Obituary: August Everding

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The Independent Culture
ONE OF the most influential directors of opera in post-war Germany, August Everding was also an extremely competent administrator, holding positions at the Hamburg State Opera and the Bavarian State Opera in Munich, where he became General Intendant of all the Bavarian state theatres. In 1984 he was considered for the post of general manager of the Metropolitan Opera, but withdrew when he realised that in New York he would not exercise the complete artistic control to which he was accustomed at home.

At a time when German opera houses were often dominated by "conceptual" directors, Everding was an unashamed traditionalist, which did not mean that his productions were lacking in ideas: on the contrary, his work was always full of original touches, but they were invariably used to further the dramatic impact of an opera. Having begun his career in the spoken theatre, he took it for granted that the plot of a drama, however complicated, should be expounded with clarity, and his opera production were always models in this respect.

August Everding was born in Bottrop in 1928. Too young to take any active part in the war, he studied piano, philosophy, theology and dramaturgy at the universities of Bonn and Munich. He served his apprenticeship in the theatre under Hans Schweikat at the Munich Kammerspiele, of which he became artistic director in 1959, and manager in 1963.

His first operatic production was of Verdi's La traviata, which he directed for the Munich State Opera in 1967. Later that year he - metaphorically speaking - plunged in at the deep end, staging Tristan und Isolde in Vienna. This was a very successful attempt at a very difficult opera, and though he was still engaged at the Kammerspiele, offers came flooding in from the opera houses of Europe and America.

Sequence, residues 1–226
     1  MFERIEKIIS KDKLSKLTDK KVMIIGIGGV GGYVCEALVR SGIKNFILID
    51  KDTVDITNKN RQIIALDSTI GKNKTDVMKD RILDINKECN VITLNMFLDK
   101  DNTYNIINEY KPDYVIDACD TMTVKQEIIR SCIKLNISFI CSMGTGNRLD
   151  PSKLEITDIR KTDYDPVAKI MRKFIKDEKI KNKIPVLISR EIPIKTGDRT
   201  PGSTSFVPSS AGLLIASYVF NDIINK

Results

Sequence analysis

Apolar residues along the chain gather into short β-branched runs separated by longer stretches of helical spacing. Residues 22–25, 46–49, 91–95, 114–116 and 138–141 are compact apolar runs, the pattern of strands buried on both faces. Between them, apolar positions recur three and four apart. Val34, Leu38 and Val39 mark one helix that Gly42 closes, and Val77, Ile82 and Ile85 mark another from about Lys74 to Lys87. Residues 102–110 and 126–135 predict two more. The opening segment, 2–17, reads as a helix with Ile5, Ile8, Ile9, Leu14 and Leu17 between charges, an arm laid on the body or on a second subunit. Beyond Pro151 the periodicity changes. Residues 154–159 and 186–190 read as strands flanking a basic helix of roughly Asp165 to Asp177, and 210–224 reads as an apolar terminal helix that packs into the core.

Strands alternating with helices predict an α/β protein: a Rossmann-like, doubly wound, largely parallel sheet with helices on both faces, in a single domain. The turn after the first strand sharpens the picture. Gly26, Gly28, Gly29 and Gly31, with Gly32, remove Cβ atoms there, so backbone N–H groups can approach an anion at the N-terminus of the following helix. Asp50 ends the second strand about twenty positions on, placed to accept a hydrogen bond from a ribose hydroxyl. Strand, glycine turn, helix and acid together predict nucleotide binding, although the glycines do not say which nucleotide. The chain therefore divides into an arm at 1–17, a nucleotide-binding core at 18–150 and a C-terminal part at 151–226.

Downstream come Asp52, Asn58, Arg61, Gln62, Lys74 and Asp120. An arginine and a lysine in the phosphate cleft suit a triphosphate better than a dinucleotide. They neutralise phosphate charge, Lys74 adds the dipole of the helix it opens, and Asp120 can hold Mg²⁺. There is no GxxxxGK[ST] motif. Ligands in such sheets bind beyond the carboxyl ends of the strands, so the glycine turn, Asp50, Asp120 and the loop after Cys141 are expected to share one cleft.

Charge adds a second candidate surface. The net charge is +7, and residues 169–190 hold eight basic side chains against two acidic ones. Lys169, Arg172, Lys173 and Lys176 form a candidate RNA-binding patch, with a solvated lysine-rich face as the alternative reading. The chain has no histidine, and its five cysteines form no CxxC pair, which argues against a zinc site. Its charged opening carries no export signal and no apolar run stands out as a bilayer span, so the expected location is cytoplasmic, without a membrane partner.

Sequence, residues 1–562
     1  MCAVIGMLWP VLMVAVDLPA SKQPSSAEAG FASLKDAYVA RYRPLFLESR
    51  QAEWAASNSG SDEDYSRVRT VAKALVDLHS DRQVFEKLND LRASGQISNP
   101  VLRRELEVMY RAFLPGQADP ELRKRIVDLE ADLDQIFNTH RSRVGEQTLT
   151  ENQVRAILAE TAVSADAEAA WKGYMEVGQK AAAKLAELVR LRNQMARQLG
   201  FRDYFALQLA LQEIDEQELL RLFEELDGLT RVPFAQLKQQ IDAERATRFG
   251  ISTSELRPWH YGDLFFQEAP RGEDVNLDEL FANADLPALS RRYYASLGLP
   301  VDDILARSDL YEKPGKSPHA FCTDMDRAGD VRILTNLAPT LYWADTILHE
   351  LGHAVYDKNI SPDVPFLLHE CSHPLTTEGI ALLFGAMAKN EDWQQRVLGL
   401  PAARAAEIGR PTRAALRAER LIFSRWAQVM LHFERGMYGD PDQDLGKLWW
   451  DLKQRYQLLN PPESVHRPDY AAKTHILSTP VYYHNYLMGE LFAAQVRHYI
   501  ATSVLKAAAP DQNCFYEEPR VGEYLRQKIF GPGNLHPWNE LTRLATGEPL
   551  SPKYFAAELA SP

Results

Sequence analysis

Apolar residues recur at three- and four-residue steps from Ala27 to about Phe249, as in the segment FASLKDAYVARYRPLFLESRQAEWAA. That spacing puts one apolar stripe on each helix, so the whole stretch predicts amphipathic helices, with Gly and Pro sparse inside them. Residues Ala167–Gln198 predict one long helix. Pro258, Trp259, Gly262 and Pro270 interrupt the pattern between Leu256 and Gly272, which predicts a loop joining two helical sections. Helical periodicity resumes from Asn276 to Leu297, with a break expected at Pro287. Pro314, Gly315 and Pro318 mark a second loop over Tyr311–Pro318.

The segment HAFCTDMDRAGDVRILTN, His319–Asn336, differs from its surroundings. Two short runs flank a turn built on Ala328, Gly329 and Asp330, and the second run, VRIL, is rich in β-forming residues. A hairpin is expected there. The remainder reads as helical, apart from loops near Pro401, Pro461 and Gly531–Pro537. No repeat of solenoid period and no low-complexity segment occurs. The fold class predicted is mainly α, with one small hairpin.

In March 1968 Everding worked for the first time in Hamburg, directing the world premiere of Humphrey Searle's Hamlet (later to be seen at Covent Garden, though not in Everding's production). Later that year he returned to Munich for Carl Orff's Prometheus, which had been premiered some months earlier in Stuttgart.

Then in 1969 he was invited to stage Der fliegende Hollander at Bayreuth, a signal honour as he was only the third director not belonging to the Wagner family to work at the festival during its entire history. With designs by Josef Swoboda, the production was much admired, and the same team returned to Bayreuth in 1974 to stage Tristan und Isolde.

Meanwhile in autumn 1969 Ever- ding went to San Francisco to direct La traviata, and in June 1970 he made his London debut at Covent Garden with a production of Richard Strauss's Salome, in which the staging, Andrezej Majewski's marvellously colourful designs, the conducting of Georg Solti and the performance of Grace Bumbry in the title role all contributed to its huge success. Unfortunately Everding did not return to Covent Garden until 1979, when his staging of Mozart's Die Zauberflote was equally successful. The pantomime aspects of the opera were much in evidence, while the bogus Egyptian priests became believable 18th-century savants and men of letters.

Everding began his enduring association with the Metropolitan Opera in 1971 with Tristan und Isolde, which was particularly admired for being the first production to use the full technical resources of the Lincoln Center house. He returned to New York in 1976 for Lohengrin; in 1974 for Boris Godunov, a production later seen in both Chicago and San Francisco; and in 1985 for Khovanshchina.